How mortgages work: a beginner’s guide
When you’re buying your first home, the unfamiliar world of mortgages is a steep learning curve. There’s a whole new language to get to grips with, a huge number of deals and lenders to choose from and important decisions to make involving eye-watering sums.
What is a mortgage?
A mortgage is a loan from a bank or building society for buying a property that you pay back over many years. Most mortgages last for 25 years, but can be shorter or longer.
The lender ‘secures’ the loan against your home until you’ve paid it back. This means if you can’t keep up your repayments, the lender can repossess your home to sell it and get their money back.
Why the size of your deposit matters
To get a mortgage, you usually need a minimum deposit of 5% of the value of the home. To get a favourable interest rate, you may need a deposit of more than 20%.
The golden rule is: the bigger the deposit, the better the rate, which means your monthly repayments will be lower. If you can find a way to increase your deposit, such as asking parents for help, you’ll pay far less interest.
In mortgage best-buy tables, you’ll see lenders use the term ‘LTV’. This indicates how much of a deposit you need to get a particular interest rate. LTV stands for the loan-to-value ratio, which is the percentage of the property’s value that you need to borrow.
For example, if you want to buy a £200,000 home and have £20,000 in your account that you can use as a deposit, you will need a mortgage of £180,000. As this is 90% of £200,000, your LTV would be 90%. If you’re buying a new-build home, look for a broker who specialises in new builds as some lenders may only lend you 85% of the value of a new-build house, or 75% on a new-build flat.
What are your repayment options?
A mortgage has two parts: the capital, which is the fixed amount you borrow; and the interest, which is the lender’s charge on the amount you owe. The first mortgage decision you need to make is how you want to repay the capital and the interest.
- Repayment mortgage: This is the most widely available repayment option. With a repayment mortgage, you make monthly repayments for an agreed period (known as the term) until you’ve paid back both the capital and the interest. As long as you keep up the repayments, your mortgage balance will get smaller each month and will be repaid by the end of the term.With this type of mortgage you repay more each month, but you’ll be chipping away at your debt so will owe nothing come the end of your mortgage term.
- Interest-only mortgage: This is where you only pay the interest on the loan each month and repay the full amount borrowed at the end of the mortgage. Lenders will want to see evidence of a separate savings plan for how you intend to repay the capital at the end of the term.
Fixed vs. variable-rate mortgages
Fixed vs. variable-rate mortgages
Once you’ve decided how you’re going to pay back the capital and interest, it’s time to think about what type of mortgage you want. There are many different kinds available but they broadly fall into two categories: either with fixed or variable interest rates.
With a fixed-rate mortgage, you have the certainty of knowing your repayments will be the same for a set period – typically two to five years. At the end of the fixed term, the interest rate reverts to your lender’s – usually higher – standard variable rate (SVR) or, depending on your circumstances, you can remortgage for a better deal. With a variable-rate mortgage, the rate you pay could change at any time, while tracker mortgages change along with the Bank of England base rate. Variable-rate mortgages are usually cheaper than fixed-rate mortgages, your repayments could go up at any time, so they’re not ideal if you’re on a tight budget.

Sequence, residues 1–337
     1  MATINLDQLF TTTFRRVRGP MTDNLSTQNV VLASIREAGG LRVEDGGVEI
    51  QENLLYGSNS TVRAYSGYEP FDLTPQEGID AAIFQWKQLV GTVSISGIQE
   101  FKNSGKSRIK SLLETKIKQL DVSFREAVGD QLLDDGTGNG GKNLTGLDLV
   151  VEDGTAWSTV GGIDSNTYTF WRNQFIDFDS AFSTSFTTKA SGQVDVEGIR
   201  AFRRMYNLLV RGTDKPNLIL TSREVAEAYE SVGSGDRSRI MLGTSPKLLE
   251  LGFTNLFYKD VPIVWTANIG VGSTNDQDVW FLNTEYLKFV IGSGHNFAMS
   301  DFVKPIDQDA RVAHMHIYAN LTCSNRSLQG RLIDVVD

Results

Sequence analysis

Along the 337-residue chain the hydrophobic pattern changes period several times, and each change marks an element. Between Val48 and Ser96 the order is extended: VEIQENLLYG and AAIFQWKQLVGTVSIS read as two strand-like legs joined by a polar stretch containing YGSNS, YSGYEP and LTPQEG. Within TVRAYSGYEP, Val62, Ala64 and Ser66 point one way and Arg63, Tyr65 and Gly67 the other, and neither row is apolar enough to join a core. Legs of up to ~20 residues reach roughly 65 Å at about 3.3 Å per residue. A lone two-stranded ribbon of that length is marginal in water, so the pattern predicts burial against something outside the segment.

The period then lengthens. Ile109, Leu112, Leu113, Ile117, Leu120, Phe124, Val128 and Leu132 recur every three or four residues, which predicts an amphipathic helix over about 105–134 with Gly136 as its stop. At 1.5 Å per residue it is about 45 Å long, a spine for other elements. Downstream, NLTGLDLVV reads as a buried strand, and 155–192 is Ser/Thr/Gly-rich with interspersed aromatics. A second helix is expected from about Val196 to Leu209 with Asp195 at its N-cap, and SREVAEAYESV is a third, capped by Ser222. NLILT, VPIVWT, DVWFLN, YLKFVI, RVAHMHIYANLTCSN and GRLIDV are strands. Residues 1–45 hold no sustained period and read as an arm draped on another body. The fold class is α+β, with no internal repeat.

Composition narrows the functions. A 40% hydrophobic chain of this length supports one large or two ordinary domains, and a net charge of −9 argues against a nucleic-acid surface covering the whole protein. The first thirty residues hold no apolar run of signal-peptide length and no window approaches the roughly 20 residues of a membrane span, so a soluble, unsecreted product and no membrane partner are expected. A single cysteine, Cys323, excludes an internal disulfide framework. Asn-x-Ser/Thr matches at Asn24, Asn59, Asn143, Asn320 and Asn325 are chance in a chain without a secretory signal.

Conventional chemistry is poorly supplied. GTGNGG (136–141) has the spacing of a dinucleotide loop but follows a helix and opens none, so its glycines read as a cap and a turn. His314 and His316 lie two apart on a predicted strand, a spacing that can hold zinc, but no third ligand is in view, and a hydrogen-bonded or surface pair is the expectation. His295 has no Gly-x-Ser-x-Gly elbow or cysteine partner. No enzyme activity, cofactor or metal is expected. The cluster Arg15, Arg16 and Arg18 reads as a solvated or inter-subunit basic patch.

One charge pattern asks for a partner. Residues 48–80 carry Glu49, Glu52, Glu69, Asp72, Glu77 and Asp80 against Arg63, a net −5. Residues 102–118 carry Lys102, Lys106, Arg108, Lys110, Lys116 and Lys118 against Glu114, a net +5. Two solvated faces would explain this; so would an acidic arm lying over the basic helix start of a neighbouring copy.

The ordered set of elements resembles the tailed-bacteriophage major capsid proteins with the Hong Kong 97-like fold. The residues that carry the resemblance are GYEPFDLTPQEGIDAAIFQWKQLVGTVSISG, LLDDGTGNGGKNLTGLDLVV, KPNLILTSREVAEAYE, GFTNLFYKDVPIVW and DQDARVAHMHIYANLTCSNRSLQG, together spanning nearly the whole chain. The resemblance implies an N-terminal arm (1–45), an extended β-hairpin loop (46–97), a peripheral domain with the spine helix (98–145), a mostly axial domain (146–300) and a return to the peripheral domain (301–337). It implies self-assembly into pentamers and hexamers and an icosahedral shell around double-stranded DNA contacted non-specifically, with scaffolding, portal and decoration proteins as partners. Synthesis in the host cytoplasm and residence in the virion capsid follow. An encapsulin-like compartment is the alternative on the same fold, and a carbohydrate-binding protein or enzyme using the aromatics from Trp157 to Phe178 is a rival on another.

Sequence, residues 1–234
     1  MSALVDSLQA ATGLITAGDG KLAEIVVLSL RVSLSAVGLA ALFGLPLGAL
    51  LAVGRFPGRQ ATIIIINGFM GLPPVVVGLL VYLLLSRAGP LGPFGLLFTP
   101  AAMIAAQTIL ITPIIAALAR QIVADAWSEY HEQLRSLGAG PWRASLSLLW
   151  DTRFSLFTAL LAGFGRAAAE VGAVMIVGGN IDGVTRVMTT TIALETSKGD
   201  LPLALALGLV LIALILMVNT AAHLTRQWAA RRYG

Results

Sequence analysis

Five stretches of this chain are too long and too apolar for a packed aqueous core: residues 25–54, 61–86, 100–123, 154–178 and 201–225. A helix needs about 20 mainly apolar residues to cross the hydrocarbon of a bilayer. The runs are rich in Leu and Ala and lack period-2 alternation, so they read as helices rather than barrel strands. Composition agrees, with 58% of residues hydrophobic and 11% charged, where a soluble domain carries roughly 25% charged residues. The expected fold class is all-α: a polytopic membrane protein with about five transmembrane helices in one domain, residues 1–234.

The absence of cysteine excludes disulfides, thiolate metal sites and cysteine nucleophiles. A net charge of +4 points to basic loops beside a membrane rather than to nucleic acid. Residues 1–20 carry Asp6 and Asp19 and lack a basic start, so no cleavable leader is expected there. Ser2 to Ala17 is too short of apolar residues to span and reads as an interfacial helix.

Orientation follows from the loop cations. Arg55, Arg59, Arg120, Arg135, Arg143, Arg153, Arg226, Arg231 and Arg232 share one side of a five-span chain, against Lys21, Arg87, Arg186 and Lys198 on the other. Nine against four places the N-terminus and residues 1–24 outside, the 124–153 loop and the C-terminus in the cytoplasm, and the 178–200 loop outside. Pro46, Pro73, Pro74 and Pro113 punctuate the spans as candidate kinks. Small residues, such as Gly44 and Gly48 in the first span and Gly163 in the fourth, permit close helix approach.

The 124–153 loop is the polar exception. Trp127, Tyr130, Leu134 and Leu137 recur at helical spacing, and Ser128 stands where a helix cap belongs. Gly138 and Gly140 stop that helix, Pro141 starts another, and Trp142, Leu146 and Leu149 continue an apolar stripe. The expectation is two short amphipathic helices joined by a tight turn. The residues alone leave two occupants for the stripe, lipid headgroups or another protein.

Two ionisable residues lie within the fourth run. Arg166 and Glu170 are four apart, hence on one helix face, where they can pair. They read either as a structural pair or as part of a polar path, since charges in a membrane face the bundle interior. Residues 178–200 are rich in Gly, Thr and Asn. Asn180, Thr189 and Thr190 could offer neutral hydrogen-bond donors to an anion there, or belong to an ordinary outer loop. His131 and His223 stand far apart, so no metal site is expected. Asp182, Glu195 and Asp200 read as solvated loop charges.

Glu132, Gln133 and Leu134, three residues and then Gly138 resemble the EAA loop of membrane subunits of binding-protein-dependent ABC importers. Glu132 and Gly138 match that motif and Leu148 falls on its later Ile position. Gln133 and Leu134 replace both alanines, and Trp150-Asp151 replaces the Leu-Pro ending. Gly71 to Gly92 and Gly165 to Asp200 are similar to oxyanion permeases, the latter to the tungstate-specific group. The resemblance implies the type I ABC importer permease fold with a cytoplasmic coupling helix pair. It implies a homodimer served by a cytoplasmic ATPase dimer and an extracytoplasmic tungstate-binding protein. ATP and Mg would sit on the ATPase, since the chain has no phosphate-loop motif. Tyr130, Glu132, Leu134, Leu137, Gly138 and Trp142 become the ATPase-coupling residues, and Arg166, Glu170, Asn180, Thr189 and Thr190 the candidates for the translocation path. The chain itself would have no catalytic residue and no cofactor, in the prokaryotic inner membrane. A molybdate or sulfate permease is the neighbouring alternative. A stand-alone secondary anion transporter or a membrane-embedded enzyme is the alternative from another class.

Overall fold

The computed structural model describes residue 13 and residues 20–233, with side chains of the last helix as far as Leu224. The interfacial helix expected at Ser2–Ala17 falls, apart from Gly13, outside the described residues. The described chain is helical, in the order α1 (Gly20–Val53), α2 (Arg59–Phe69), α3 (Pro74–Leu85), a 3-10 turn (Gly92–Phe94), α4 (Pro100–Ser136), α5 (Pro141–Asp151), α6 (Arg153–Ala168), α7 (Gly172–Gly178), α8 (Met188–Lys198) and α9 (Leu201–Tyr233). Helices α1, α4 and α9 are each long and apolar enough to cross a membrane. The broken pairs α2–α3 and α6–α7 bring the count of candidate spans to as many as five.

To find out more about fixed-rate, variable-rate and tracker mortgages and their pros and cons, read our guide to understanding different types of mortgages.
How do you apply for a mortgage?
Applying for a mortgage is usually a two-stage process. The first stage involves the lender, mortgage broker or a New Homes Mortgage Adviser (NHMA) asking you a few questions to get an idea of what you can afford and what kind of mortgage you want. They’ll then give you a conditional offer (known as a mortgage agreement or decision in principle) which lets you know how much a lender might be prepared to lend you. This can be a handy thing to have when house-hunting as it shows you’re organised and ready to move quickly.
Once you’ve had an offer on a house accepted, the second stage is the full mortgage application where the lender conducts a detailed affordability check and asks for evidence of your income and deposit. If your application is accepted, the lender will provide you with a binding offer which is usually valid for six months, meaning you need to complete within that period.
If you’re buying a new-build home off-plan, timing can sometimes be an issue as your home might not be ready within six months. Some lenders do make mortgage offers for new-build homes that last for longer periods, so be sure to ask when you are applying.
Money Saving Expert’s Ultimate Mortgage Calculator will give you an indication of how much you could borrow as well as other fees and interest you need to pay.
This guide to mortgages was produced in collaboration with L&C Mortgages, the UK’s largest fee free mortgage broker and adviser.